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Ikko NARAHARA "Light and Waves: the Sculpture of Kyoko ASAKURA" 1980 Photobook


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Ikko NARAHARA, Photographer. Kyoko ASAKURA, Sculpture. "Light and Waves." Two Volumes: "Shining Bronze" & "Sea of Bronze, Sea of Crystal." Mitsuo KATSUI, Art Direction. Essays by Masuo IKEDA, J. G. BALLARD & Ikko NARAHARA. Interview of Kyoko ASAKAURA by Ichiro HARYU. Japan: Parco, 1980, First Edition, HB, 42 cm x 31 cm, color & b/w plates, text in Japanese and English. Two decorative cloth-bound hardcover books with numerous fold-outs housed in decorative case.

A monumental collaborative masterpiece by two of Japan's greatest living artists. A Monumental publication - the set is about 14 pounds. Kyoko Asakura is the daughter of Fumio Asakura who is often called the father of modern Japanese sculpture. She has long since become famous in her own right, being one of Japan's greatest living artists. In Japan there is a long tradition of photographing art objects. Beginning as a way to document the objects, then transforming into collaborations between the artist, the art works themselves and the photographer - re-imagining art into a new form. This is the greatest example of the genre I have ever seen. The art, the photography, the printing and the giant books themselves are a tour-de-force. The numerous double-page fold-outs make the images even more grandiose. The first volume, "Shining Bronze" is shot in luminous duo-tone gravure in Asakura's famed Azabu studio. Narahara brings the sculpture to life on the two-dimensional page with virtuosic lighting and black negative space. The second volume, "Sea of Bronze, Sea of Crystal" brings the sculpture to life by transporting them to two different ocean settings. The first was shot on Miyako-jima island in Okinawa where the figures are posed on the sand and submerged under water. The second was shot on the Shiretoko Peninsula in Hokkaido - this time covered with snow and ice.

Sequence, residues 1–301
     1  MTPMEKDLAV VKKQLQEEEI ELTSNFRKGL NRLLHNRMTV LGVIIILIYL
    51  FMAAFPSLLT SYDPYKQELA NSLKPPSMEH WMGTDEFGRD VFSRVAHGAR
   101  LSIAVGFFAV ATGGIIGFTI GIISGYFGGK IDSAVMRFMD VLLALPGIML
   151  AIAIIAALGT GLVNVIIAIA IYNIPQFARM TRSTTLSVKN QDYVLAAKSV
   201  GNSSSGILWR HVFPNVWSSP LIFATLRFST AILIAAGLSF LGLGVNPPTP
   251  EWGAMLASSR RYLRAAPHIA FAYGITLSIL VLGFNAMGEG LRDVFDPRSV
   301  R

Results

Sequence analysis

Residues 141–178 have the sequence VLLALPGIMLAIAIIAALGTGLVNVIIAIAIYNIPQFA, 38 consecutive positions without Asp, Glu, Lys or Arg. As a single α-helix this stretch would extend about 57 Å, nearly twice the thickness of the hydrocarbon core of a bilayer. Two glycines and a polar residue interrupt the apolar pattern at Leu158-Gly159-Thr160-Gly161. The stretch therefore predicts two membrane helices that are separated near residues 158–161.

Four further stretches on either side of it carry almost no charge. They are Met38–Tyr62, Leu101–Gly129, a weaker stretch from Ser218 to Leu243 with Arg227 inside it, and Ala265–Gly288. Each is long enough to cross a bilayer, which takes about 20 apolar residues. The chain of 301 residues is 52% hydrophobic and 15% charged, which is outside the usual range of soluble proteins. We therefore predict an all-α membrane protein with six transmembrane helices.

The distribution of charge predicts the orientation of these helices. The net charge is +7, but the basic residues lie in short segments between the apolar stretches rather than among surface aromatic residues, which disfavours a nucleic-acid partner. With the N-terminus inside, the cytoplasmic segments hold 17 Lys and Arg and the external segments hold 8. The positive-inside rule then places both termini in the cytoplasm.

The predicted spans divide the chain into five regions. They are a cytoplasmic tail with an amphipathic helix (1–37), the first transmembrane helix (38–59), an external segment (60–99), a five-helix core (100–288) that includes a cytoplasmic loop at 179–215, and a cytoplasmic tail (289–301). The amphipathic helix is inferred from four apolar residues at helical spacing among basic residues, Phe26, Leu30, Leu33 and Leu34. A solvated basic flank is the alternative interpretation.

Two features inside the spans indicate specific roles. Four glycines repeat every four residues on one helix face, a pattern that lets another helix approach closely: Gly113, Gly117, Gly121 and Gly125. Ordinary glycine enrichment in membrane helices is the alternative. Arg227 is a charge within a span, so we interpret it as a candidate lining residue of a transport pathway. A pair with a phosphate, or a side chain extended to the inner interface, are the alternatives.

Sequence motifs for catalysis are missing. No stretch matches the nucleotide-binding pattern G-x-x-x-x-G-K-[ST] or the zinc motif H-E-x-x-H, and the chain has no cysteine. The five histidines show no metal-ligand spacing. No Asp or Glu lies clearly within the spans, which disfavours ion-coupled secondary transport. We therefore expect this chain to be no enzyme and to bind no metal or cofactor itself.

In Narahara's essay "A Sky in the Sea - A Soundless Sea", he writes of his vision: "A dream-like scene passed across my mind of a carved statue standing in a snow-covered field... Gradually, a conception started forming itself of a life born in the water, then coming up on the land to be crystallized... Cherished in my mind there is always a kind of longing for the infinite future... I was pressed by an irresistible impulse to leave the bronze on the bottom of the sea as it seemed the most suitable environment for it.... It seems to me that a piece of sculpture captured by the camera is unfortunate, for though it should be seen and appreciated as a three-dimensional object, here it is placed in a different dimension. However, I tried to turn this misfortune into a blessing and to create a sight which could be created only by the camera, a sight in which it is as if the sculpture were carried to and placed on a different plane. It was also an attempt to liberate the sculpture which might be destined to be placed in the white room of the museum or on a street corner as a monument, into cosmic space..."

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Narahara was a founding member of the short-lived but highly influential Vivo agency. Like other Vivo members, Narahara broke with dominant modes of documentary photography, which emphasized story telling, and pursued a more individual and subjective vision. Narahara has published many of the greatest photobooks from Japan including "Where Time Has Stopped", "Man and His Land", "Espana", and "Where Time Has Vanished." He has long championed the field of art-object photography, publishing highly-prized photobooks on the glass art of Marcel Duchamp, the clay sculpture of Kazuo Yagi, the bronze sculpture of Kyoko Asakura and others. This book was not sold in bookstores - only through the original exhibition.

Condition: Excellent.